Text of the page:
Style secrets of the French by Casilda Grigg
I’m feeling a flutter of excitement as I sit waiting in the lobby of a swanky Knightsbridge office block. Next to me is an electric blue Honda motorbike, above me a chandelier made up entirely of glass bubbles. I’m about to meet Dr Sonia Hannoun, a woman responsible for de-wrinkling the brows and tightening the jaw lines of countless expat Frenchwomen.
Sonia greets me at the door of her second floor office with a warm handshake. She’s an attractive, crease-free 54-year-old dressed in a Balenciaga top, Zara trousers and red trainers. Classical guitar music is playing and the atmosphere is camply upbeat: purple carpet, Miami pink cushions and lots of curvy cream leather.
I am here not for a treatment but to get the low-down on the French approach to Botox. I’ve been to London parties where women are all shining like crescent moons but somehow I’m guessing that the French, if they do Botox at all, do it too subtly for anybody to notice.
‘It’s rare for Frenchwomen to do a full face Botox treatment,’ says Sonia, who divides her time between London and Paris. ‘The English tend to overdo it – they might come once a year – while the French prefer des petites touches every three or four months. I aim for an effect that is so natural that nobody can tell.’
Sonia’s female patients are aged from 30 to 75 and mostly French or French speaking. A third are British. Popular Botox treatments include the forehead, the line between the brows and the crows’ feet. Fillers are also frequently used to de-vein and de-wrinkle the hands and for what the French sorrowfully refer to as la vallée des larmes, those darkish under-eye grooves that afflict women in middle age and earlier. Fearful the chefs at Harvey Nichols’s Fifth Floor restaurant opposite might see them, patients often ask Sonia to pull the blinds down.
I wonder where Sonia stands in the Hollywood vs. France beauty wars. We’ve all read those articles about how French actresses (with a few notable exceptions) don’t have Botox injections or surgery, unlike their more youth-obsessed Tinseltown peers. Can it really be true?
Last time I saw the beautiful Juliette Binoche, 50, on film there was nothing plumped up or frozen about her. Sonia says she treats several French actresses at her Paris clinic but no one would ever know it. It’s all about a less is more approach, what she calls ‘du light.’
In Paris, 30-35% of her patients are men (in London it’s just 10%). I’m so amazed by this I nearly fall off my pink-cushioned chair. I try to imagine Laurent, the adulterous 40-something cyclist, booking himself in for a Botox injection but it’s impossible. He is too real, too unkempt and – too – well French. Would a man for whom a bar of soap or a razor is alien bother with all that?
Sonia is too discreet to name drop but it turns out all sorts of Frenchmen are at it, gay and straight, from bankers and CEOs, to scientists and intellectuals. There is no mention of politicians but I can’t help but wonder. How about Sarkozy or the drop-dead handsome Dominique de Villepin? Why do men do it, I ask. ‘It’s more for work than to attract women,’ says Sonia, who admits to having Botox herself but insists her plump cheeks are very much her own.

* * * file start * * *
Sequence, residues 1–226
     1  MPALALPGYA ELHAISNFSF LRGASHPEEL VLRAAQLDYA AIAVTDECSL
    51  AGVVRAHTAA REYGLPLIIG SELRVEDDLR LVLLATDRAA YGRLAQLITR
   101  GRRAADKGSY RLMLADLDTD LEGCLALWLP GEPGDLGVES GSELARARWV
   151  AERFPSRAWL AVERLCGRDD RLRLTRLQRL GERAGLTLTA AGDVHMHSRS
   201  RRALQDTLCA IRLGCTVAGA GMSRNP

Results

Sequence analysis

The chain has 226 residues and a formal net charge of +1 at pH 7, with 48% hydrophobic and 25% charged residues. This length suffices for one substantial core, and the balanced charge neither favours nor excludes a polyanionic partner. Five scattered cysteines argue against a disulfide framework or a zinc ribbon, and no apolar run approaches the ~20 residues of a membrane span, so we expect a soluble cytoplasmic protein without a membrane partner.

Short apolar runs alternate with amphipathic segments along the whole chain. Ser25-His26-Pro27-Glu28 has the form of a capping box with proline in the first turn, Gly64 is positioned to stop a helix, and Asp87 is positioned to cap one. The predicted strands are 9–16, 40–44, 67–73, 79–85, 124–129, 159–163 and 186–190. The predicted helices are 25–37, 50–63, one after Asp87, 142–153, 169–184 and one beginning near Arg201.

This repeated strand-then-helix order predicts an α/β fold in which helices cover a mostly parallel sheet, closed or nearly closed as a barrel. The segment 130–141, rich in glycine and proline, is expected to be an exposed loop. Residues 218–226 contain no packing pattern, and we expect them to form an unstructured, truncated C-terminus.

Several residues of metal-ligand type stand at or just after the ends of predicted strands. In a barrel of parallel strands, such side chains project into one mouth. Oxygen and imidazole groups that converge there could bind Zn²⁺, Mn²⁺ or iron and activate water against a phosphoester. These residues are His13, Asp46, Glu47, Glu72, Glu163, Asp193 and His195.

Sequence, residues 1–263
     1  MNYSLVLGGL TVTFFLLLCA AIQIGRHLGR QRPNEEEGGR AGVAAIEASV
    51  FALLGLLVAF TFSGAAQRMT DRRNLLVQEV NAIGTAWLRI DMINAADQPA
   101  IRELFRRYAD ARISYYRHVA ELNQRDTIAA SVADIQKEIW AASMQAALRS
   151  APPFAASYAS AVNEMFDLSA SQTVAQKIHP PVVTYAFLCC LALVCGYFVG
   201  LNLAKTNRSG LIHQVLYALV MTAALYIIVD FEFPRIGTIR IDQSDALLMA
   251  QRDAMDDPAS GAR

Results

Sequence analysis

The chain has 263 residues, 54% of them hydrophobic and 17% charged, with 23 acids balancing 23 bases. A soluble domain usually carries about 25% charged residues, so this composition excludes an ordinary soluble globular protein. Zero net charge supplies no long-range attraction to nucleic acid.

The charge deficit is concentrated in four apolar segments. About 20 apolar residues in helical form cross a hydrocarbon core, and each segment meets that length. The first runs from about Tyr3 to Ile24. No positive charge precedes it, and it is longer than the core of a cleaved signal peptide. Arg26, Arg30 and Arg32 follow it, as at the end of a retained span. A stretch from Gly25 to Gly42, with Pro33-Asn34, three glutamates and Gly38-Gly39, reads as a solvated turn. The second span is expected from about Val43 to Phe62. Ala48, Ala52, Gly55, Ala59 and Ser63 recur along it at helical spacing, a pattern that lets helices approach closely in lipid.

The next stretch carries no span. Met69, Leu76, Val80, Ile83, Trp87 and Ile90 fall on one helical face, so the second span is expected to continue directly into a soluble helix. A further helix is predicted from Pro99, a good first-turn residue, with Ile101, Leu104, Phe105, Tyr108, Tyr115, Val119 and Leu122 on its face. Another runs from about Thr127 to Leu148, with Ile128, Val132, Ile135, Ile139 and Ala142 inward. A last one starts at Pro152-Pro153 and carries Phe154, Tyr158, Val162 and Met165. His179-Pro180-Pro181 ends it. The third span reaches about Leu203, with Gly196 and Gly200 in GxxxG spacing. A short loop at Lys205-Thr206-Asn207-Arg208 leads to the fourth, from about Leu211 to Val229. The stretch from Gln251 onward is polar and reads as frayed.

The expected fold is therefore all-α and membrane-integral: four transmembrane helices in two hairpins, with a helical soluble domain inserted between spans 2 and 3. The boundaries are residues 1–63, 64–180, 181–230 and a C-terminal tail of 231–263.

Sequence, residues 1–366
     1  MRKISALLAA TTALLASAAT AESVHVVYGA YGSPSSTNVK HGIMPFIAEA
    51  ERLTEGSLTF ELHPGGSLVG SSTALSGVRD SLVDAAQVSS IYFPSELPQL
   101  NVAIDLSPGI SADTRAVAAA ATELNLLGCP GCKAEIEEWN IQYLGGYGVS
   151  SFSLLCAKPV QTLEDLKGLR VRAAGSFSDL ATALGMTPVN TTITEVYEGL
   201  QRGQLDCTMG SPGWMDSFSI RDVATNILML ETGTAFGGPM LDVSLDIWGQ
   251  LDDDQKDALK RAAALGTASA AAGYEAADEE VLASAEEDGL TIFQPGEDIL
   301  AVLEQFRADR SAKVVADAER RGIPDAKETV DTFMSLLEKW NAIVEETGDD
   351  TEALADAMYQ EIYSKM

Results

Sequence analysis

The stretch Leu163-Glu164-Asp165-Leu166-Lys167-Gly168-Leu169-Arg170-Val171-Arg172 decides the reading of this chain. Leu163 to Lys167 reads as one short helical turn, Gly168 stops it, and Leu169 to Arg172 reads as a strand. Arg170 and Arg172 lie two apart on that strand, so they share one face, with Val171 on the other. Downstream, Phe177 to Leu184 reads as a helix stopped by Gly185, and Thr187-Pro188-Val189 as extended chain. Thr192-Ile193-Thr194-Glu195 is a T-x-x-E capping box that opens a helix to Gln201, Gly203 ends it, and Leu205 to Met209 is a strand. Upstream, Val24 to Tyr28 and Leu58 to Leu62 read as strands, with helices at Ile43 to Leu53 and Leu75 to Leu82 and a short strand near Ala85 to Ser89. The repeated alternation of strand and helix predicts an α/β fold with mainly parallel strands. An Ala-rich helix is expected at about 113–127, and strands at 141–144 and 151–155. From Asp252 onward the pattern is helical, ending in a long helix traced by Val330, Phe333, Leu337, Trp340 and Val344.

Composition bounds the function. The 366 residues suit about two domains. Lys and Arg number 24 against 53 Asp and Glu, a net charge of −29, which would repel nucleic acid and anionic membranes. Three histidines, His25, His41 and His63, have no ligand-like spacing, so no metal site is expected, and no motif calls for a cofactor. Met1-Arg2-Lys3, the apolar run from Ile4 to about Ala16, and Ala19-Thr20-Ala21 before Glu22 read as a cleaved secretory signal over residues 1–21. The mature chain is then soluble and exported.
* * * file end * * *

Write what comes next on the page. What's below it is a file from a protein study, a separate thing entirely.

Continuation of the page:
Towards the end of the interview, Sonia’s very pretty assistant Stéphanie (45 but you’d never guess) comes in. She’s looking a little flushed as earlier this morning, Sonia gave her a ‘mesoglow’, a cocktail of vitamins B, C and E administered by a silver gun which looks straight out of a 1970s James Bond movie.
I’m longing to inspect the gun but my time is already up. Sonia’s phone is ringing insistently and I can almost see the queue of wrinkled Parisian brows forming by the Honda motorbike. Stéphanie is starting to cast impatient glances my way and I’m even beginning to feel a bit sorry for the chefs at Harvey Nicks. They must be longing for more action. Can I have a few more minutes? ‘Of course!’ says Sonia, who is gamely up for being photographed despite declaring herself ‘timide.’
I show her my box of Frownies (£16.95 on Amazon). At one stage I went to bed with little brown triangles of sticky-back paper all over my brow, feeling a bit like a disastrous experiment in Blue Peter. I woke up looking smoother for about 1hr, but rather pink as the glue irritated my skin and made it itchy. What does she think of them?
She’s never heard of them and puts on her special medical glasses to look at the box. Unfortunately all the Frownies are gone as my toddler niece came across them one morning and had lots of fun sticking them to bits of paper.
The next day I wake up full of vim. I’m already plotting my bestseller French Women Do Have Botox. I email Sonia to ask her if she thinks I might benefit from any of her treatments. How about all those worry lines on my forehead or my far from toned jaw?
I wait with bated breath for her reply.
Dr Sonia Hannoun is generally in London (at 64 Knightsbridge, SW1) on Fridays, Saturdays and Sundays (0753 138 3861, firstname.lastname@example.org). Prices start at £150 for the line between the brows. The vitamin injection is £150 for 20 mins
Essential Botox lingo: my top ten
Just in case you find yourself in France and and in need of un top up here is my list of key words:
1. Crows’ feet – les pattes d’oie
2. Trout pout – une bouche de truite
3. Spock brows – l’effet Méphisto
4. Worry line between brows – la ride du lion
5. Worry lines on forehead – les rides du front
6. Marionette lines – les rides de la marionette or the more poetic les plis d’amertume
7. Smokers’ lines above lips – le code bar
8. Discreet Botox – des petites touches
9. Chipmunk cheeks – joues de hamster
10. The tear trough – la vallée des larmes